We dream for our communities and our world, as well as for ourselves and those near to us. We can learn to do this as a conscious practice in the service of peace and healing. By bringing dreams into the lives of people around us, we can heal and revitalize all our relations, our workplace, our schools, our health care, and our communities.
Harriet Tubman dreamed liberation for her people and was able to guide three hundred escaping slaves to freedom along the Underground Railroad with the guidance of specific dreams that showed her the way to river crossings and safe houses they had never previously seen. Her story is an inspiring example of how we can dream for a whole community.
Another aspect of community dreaming is that many people may dream about the same event or issue of common concern. This happens spontaneously. It can also become a conscious practice when members of an association or organization agree to ask for dream guidance on a shared intention or develop the practice of mutual visioning.
The possibility that large numbers of people may dream about issues of community concern was recognized, and regarded as highly significant, in ancient times. In his Oneirocritica (“The Interpretation of Dreams,” from which Freud borrowed his title), Artemidorus discussed dreams that he classified as “politic”: those that occur on the same night to many of the inhabitants of a city and involve events of importance to that community.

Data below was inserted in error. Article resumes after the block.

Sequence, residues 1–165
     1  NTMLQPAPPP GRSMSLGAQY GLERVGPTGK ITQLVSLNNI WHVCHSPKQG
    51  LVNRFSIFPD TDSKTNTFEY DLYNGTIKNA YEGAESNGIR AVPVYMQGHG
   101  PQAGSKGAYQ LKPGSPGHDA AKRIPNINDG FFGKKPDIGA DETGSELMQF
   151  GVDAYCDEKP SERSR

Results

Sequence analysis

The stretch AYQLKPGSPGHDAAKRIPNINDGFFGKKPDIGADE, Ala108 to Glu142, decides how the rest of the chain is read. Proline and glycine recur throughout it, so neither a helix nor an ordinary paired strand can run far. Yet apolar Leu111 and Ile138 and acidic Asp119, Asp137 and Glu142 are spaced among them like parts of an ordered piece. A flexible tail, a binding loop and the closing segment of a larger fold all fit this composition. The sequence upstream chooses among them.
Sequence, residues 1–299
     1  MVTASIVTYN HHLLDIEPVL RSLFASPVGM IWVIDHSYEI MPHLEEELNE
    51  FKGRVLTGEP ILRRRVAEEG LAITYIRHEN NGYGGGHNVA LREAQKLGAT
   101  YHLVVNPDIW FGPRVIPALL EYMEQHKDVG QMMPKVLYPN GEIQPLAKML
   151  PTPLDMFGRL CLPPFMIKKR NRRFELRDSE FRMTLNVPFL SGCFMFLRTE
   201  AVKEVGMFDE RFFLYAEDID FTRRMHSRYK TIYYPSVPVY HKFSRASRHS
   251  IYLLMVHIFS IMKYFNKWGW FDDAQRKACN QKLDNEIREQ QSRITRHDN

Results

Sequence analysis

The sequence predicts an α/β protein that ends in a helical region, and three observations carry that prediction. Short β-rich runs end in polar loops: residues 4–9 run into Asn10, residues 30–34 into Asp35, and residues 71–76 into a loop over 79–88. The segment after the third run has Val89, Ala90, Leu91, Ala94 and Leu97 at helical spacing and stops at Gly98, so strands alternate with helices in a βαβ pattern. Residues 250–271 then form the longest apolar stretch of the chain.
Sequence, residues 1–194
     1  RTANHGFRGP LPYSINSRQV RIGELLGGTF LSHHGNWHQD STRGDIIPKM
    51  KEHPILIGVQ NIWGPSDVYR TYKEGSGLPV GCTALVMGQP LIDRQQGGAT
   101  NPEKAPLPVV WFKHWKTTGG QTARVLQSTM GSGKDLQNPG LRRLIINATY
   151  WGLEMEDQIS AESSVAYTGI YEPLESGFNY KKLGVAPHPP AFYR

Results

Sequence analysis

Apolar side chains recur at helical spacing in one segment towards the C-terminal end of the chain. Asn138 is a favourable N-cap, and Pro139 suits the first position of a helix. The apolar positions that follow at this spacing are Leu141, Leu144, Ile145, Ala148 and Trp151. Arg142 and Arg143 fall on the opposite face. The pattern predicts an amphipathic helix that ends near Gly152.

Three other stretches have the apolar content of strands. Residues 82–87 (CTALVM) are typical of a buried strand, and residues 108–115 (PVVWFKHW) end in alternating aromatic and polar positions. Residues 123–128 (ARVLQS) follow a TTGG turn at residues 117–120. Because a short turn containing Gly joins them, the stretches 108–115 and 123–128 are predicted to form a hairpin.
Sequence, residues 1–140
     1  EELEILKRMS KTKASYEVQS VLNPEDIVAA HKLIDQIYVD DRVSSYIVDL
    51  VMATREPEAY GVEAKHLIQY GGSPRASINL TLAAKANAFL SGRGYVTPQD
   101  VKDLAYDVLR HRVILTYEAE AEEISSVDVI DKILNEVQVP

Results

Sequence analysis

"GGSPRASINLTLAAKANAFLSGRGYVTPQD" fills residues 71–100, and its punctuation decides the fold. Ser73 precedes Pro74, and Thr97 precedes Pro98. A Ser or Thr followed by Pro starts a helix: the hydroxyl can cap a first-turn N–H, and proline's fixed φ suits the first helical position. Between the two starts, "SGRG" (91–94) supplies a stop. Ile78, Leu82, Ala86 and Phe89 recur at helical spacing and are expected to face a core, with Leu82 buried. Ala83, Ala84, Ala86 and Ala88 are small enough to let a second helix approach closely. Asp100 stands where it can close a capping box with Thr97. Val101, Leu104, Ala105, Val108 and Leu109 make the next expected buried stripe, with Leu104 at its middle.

We can agree to dream together on a common theme. Dream incubation may not yet be a standard resource in the workplace, or even in those retreats where company employees are urged to “think outside the box,” but it should be!
One corporate retreat was going nowhere until a facilitator who had attended my workshops persuaded the CEO to invite the executives to dream overnight on the main challenge facing the company. In the morning, the boss revealed that he himself had dreamed a creative solution, and the experience of dream-sharing enlivened and loosened up the group, making the retreat much more rewarding than might otherwise have been the case and leading to longer-term organizational healing.
Sometimes, we can change things for the better in a social or work situation simply by carrying the energy of a dream. I know a manager who was involved in bruising daily battles with a tough labor union leader. She could hardly bear to be in the same room with this man, and their personal conflict was undermining the company and labor relations. Then she dreamed that she met the labor leader in an informal setting. He was utterly charming and introduced her to his sister, who was named Charity.
She woke with completely different feelings about her workplace antagonist. Reflecting on the dream, she realized that if his sister was “Charity,” his agenda might be much gentler and more compassionate that she had allowed herself to recognize. She did not tell the union guy the dream. She simply carried its energy when she went back to the negotiating table. By the end of the week, her relations with her former antagonist had been transformed; they were now on the best of terms and a difficult contract negotiation went through smoothly.
Adapted from Active Dreaming: Journeying Beyond Self-Limitation to a Life of Wild Freedom by Robert Moss. Published by New World Library.